One of them is going to Michael’s to
buy shit I don’t need.

Also, I’m cursing a lot more.
I imagine that my past selves are disappointed but
maybe they see where I am better than I do.

We were barreling down the hill
as usual, Moses at the wheel — not Jesus
but pretty damn close — and out of the corner
of my eye I saw it, the tree stump,
I mean.
It looked like a mother hugging her child or
maybe it didn’t but my fingers had been
hungry so long for a word to write.

That other night at Michael’s right at sundown when a man with a straight face parked near the rental truck I’ve been driving with his wife in the passenger seat while we were walking in looking for pots and air dry clay and pipe cleaners and felting wool and an umbrella, it was the same.

My fingers were hungry and I knew these words were coming from somewhere sometime and it probably has to do with that margarita I drank last night out of a plastic cup before you said you liked my rhythm and reminded me I could write but this is what it is to be alive in this body right now and I am bonetired.

{Always in the Morning} and a Reflection

I’ve been thinking a lot about what it would mean for me to return to Kenya,
a place I lived for four years,
a place that held me during high school,
a place that holds in its arms humans who were colonized by the European Christians of whom I am a direct descendant,
a place that is only so recently technically freed from the European grasp but is still struggling under the reigns of the empire.

Recent connections through the alumni body of my high school
and a very well-timed Critical Race Theory class
have me thinking about what it means to actually love Kenya and the people to whom that land belongs
and what it means to act morally when my own blindnesses have been built around me
like a wall causing me to misunderstand the effects of my actions, if I can see them at all.

The following poem is the beginning of these thoughts.
They feel soft and fragile and also armed to defend themselves
in the way only white supremacy can,
with wrongly placed emotion and the all-consuming idea that I deserve comfort.

I sit this morning in our side yard,
            coffee in hand.
I am trying to read poetry
            but my mind is busy listening.
The birds in their trees and
            the woodpecker landing on the red hummingbird feeder.
The train in the distance,
            closer to our first home in this town than here.
Walkers and their dogs,
            leashes and collars jangling.

My mind is busy returning to other mornings.

Years ago (am I old enough now to say this?),
            sitting by the ragged shore of a lake
            in the heart of the Rift Valley
            in a country that was once a home to me,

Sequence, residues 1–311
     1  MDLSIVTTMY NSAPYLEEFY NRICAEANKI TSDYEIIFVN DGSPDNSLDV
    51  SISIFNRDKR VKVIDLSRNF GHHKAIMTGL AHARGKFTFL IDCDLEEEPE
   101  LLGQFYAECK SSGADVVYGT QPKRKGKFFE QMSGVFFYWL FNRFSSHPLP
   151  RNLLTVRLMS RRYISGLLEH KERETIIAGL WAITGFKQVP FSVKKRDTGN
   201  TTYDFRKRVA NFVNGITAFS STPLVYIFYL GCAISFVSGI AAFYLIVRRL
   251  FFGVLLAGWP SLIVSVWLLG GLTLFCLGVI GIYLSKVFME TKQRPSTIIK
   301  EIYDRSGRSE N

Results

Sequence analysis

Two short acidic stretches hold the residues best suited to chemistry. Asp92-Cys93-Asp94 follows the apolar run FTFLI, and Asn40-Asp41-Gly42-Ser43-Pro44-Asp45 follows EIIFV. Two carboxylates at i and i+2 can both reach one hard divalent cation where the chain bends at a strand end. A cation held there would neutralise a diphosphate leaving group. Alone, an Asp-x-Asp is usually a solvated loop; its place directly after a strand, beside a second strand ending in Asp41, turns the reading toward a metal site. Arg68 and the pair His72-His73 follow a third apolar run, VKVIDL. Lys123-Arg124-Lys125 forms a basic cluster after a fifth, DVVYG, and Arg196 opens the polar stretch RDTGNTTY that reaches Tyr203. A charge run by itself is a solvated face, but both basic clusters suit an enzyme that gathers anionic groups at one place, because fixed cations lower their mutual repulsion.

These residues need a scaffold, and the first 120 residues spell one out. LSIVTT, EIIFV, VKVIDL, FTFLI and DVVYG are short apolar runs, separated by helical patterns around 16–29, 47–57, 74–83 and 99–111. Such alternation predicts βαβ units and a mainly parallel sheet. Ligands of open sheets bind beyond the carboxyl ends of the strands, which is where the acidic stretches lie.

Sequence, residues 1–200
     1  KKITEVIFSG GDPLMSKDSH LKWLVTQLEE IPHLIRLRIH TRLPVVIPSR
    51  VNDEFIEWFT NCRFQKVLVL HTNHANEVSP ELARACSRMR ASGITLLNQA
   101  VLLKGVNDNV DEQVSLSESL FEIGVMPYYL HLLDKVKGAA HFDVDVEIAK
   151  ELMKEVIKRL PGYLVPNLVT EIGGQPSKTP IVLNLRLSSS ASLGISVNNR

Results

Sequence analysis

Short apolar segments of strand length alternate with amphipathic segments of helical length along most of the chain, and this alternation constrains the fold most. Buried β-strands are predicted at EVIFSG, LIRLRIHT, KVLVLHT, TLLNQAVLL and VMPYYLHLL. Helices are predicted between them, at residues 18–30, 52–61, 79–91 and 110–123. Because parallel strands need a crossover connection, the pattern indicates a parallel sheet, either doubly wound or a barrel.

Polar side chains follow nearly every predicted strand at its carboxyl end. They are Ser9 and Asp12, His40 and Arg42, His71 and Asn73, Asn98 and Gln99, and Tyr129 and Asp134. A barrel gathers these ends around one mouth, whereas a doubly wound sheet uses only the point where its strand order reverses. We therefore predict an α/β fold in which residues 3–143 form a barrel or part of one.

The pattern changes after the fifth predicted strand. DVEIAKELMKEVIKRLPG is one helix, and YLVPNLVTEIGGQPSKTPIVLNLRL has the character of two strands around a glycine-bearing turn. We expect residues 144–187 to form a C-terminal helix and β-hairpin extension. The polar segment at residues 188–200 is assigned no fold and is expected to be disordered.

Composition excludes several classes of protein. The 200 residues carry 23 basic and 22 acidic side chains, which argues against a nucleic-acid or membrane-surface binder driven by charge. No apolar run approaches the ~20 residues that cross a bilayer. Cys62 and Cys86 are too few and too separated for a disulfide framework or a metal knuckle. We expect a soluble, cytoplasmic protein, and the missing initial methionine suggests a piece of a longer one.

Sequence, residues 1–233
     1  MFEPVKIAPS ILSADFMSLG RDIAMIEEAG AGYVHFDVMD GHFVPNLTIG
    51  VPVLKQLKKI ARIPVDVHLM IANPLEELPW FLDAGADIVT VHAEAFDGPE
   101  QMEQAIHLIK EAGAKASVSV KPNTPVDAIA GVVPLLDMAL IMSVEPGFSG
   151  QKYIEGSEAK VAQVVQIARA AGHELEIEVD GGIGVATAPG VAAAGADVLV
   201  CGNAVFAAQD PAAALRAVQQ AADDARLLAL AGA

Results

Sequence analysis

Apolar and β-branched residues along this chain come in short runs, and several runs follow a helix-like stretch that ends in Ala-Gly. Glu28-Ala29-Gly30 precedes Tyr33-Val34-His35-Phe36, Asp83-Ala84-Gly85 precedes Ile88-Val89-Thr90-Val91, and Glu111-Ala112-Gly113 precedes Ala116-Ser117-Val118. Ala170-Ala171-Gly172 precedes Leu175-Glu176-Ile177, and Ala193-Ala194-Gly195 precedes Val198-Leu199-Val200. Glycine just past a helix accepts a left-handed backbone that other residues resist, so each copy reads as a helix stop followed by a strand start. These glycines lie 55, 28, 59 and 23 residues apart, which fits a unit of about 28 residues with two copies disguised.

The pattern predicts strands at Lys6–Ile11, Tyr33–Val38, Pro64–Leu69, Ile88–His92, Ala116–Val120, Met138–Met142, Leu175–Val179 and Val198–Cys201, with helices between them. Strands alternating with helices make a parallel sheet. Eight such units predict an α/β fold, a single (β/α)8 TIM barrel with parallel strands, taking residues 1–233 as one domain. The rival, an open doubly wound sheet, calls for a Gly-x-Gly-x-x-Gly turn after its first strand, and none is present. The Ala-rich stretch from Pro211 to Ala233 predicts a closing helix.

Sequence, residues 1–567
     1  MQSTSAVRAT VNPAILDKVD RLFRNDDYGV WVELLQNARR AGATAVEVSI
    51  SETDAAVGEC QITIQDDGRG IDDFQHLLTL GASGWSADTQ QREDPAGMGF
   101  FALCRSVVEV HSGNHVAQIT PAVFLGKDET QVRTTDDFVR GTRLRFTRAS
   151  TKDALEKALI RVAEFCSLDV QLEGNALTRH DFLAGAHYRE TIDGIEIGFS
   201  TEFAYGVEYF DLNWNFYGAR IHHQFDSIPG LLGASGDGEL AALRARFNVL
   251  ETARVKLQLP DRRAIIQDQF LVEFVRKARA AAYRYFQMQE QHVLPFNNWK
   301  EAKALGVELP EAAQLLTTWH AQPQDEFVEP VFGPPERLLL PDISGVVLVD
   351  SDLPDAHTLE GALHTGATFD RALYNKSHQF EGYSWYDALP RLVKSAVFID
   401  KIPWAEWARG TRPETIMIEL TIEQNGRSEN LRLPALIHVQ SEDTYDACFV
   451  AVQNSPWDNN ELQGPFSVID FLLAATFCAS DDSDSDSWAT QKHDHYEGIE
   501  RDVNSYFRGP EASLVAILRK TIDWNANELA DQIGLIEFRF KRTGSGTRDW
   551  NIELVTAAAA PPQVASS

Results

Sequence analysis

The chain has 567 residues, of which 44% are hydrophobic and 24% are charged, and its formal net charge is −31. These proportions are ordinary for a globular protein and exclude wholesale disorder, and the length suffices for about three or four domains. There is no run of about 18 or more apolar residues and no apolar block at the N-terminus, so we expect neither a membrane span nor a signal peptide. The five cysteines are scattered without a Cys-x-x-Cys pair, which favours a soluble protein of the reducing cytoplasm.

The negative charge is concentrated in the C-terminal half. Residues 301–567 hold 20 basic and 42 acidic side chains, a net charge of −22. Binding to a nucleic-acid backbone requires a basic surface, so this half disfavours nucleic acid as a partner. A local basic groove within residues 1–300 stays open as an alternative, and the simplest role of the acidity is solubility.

birds there, too, singing and flitting between trees.
I think of the stories shared,
            in a space we’ve built to bring
            ourselves and others with white skin
            into a hurt we could not and cannot experience.

I long to return to that place, to that lake, and I think:
How will I ever return knowing
            the damage I’ve done?
Would return mean trading my fleeting joy
            for another’s lifetime of pain?

What good is trying to be good
            if I know I can never undo the wrongs we’ve done?
I know what the answer is but
            I don’t know yet how to feel it.

I think of how I might learn to love the
            shallow blue lake — home to hippo, bird, and plant —
            without imposing my body and
            its centuries of harm and complicity.

No quick answer to be found,
            I stay in my own yard this morning,

a sunset over soft blue and green moutains with wispy clouds, orange light in the left, purple and blue sweeping across from the right

This* is a Whole Big Hurting Mess.

I’ve been thinking a lot about what it means to become more human.

Many of us raised in the Christian church were taught that to love God fully; to become more divine; and to live into the image of an oftentimes male image of deity, was to deny our humanity. We were to ignore than desires of the body, controlling our innate longing for physical closeness, intent on keeping the temples of our bodies prepared for God. We were to recognize that to be human is to be evil, to make enemies of the original sin that made its home in us even before we left the garden.

Back in February, preparing for a sermon we’d been asked to give, a friend and I stumbled upon a website called the “Girardian Lectionary.” It is a compilation of resources inspired by and based off the Mimetic Theory, formulated by Rene Girard. The idea of the Memetic Theory is best summarized by Walter Wink:

“And this is the revelation: God is HUMAN … It is the great error of humanity to believe that it is human. We are only fragmentarily human, fleetingly human, brokenly human. We see glimpses of our humanness, we can only dream of what a more human existence and political order would be like, but we have not yet arrived at true humanness. Only God is human, and we are made in God’s image and likeness — which is to say, we are capable of becoming human.”